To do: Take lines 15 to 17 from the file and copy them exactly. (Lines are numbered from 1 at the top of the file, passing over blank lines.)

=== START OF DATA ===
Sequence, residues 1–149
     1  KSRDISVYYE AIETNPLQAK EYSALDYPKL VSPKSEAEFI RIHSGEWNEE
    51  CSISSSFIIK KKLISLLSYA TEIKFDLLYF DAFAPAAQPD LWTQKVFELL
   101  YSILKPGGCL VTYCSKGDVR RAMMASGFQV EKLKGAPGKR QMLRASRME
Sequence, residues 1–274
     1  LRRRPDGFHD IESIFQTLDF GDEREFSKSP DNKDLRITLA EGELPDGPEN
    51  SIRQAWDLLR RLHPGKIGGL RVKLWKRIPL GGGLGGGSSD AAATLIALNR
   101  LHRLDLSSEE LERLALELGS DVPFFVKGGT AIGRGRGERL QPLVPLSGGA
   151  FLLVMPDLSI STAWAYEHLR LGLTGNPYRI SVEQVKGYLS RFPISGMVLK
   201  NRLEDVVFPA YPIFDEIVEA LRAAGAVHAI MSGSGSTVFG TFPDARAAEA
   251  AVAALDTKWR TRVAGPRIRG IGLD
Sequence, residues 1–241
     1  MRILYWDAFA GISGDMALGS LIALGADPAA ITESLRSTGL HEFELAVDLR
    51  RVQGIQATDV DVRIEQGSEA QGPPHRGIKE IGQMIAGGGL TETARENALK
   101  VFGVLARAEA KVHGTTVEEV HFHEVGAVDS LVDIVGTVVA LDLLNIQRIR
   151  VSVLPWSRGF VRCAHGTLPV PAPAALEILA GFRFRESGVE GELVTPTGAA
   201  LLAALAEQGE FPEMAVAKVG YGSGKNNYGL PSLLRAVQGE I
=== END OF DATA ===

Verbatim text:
   101  VFGVLARAEA KVHGTTVEEV HFHEVGAVDS LVDIVGTVVA LDLLNIQRIR
   151  VSVLPWSRGF VRCAHGTLPV PAPAALEILA GFRFRESGVE GELVTPTGAA
   201  LLAALAEQGE FPEMAVAKVG YGSGKNNYGL PSLLRAVQGE I